GROUNDFISHERMEN FACE ECONOMIC DISASTER
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With regard to direct relief, Patrick wrote that “first, the initial quota allocation has left two-thirds of the fleet with 50 percent to 60 percent lower allocation than they had fished in prior years, and second, the broader market is non-functioning and has resulted in the inability of fishermen to buy, sell and lease shares for a host of unforeseen reasons. The full magnitude of this impact from these under-allocations and the failure of the market to function effectively were unforeseen and, while the market may correct itself over time, it needs immediate attention at this point.”
The report was written by the state's Division of Marine Fisheries in conjunction with the Massachusetts School of Marine Science and Technology, through the Massachusetts Marine Fisheries Institute. Titled “A Report on Economic and Scientific Conditions in the Massachusetts Multispecies Groundfishery,” the report concludes that the groundfish industry’s transition to a sector-based catch share management system over the past year, since the May 1, 2010 implementation of Amendment 16 to NEFMC’s Groundfish Management Plan, “caused unforeseen major shifts in the distribution of quota (and income) resulting in $21 million in direct economic losses and foregone yield of $19 million for the Massachusetts groundfish fishery. “Scientifically-valid alternative reference points have been identified which can trigger increases in annual catch limits without sacrificing conservation. These increases are particularly helpful with regard to raising limits for choke species.”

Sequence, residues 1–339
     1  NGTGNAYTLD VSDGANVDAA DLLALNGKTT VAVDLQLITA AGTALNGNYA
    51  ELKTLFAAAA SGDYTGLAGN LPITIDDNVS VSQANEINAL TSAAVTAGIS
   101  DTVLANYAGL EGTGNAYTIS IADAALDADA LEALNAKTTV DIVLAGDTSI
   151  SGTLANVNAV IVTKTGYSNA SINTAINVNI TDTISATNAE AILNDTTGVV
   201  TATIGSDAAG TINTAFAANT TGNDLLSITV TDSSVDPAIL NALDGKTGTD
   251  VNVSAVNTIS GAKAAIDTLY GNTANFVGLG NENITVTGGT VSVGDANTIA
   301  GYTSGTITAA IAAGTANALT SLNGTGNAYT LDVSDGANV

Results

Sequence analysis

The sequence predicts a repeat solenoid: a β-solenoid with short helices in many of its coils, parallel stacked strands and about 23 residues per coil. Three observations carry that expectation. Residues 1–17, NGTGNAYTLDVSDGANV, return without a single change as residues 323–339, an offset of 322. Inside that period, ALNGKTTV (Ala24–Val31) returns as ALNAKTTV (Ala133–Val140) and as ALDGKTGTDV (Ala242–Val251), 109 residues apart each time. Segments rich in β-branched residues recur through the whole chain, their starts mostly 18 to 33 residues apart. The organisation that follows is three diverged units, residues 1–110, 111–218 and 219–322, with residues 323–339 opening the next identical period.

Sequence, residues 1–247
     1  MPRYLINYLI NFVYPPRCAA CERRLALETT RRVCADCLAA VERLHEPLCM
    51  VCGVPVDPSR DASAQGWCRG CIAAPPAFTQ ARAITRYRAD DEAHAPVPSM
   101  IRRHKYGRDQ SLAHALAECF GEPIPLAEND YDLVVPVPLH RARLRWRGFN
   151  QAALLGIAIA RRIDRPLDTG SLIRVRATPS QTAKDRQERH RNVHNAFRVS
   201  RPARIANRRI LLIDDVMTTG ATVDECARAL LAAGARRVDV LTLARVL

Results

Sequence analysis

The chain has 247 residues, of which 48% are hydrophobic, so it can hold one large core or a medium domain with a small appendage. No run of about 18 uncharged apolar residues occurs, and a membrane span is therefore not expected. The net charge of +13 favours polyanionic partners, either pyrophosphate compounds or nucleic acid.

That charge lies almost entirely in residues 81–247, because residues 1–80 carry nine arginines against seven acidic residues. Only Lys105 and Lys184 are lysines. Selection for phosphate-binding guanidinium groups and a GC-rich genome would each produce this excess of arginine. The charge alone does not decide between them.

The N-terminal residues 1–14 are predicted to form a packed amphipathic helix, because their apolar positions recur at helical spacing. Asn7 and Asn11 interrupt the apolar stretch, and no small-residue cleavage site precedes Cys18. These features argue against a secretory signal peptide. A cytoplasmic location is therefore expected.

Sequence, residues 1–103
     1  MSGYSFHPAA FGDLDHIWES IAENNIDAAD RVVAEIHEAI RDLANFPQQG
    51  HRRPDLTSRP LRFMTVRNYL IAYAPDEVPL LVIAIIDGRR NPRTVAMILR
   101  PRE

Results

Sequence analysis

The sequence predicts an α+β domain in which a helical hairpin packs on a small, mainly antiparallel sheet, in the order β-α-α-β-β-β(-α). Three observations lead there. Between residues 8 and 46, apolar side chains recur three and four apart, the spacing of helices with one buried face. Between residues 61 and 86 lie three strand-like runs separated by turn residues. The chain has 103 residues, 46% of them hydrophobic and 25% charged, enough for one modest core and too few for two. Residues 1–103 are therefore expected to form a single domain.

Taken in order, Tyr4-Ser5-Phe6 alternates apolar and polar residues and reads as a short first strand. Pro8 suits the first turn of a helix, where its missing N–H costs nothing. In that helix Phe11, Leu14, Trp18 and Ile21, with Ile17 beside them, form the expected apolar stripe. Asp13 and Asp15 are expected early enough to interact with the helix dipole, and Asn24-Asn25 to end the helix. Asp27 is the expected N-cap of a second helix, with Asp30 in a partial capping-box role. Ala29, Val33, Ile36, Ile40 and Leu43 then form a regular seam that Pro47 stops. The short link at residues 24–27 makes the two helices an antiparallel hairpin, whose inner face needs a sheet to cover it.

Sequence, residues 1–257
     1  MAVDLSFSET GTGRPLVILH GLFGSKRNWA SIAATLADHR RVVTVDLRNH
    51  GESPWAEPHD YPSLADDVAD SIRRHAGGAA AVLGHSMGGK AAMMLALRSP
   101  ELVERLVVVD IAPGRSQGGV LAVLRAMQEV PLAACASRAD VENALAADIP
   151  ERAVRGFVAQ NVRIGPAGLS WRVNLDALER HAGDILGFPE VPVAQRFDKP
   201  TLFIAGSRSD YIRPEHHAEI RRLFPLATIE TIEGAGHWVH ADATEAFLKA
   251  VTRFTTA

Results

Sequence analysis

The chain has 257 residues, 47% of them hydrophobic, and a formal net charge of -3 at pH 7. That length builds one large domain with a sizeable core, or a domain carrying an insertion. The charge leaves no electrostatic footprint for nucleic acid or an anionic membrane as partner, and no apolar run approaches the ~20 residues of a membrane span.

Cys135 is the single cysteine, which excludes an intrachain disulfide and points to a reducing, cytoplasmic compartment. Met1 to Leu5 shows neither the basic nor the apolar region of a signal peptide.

A “choke species” is one whose harvest remain severely limited; when the catch limit of a choke species is reached, all fishing in a sector must halt, regardless of whether or not the catch limits of healthier species have been reached.
“Landings and revenue data available for the first five months (May-September) of the 2010 fishing year show the numbers are comparable for the same period last year and appear to indicate potential economic health in the groundfishery as a whole,” the report says. But the data mask unforeseen economic impacts at the local level, partly through consolidation, the report says.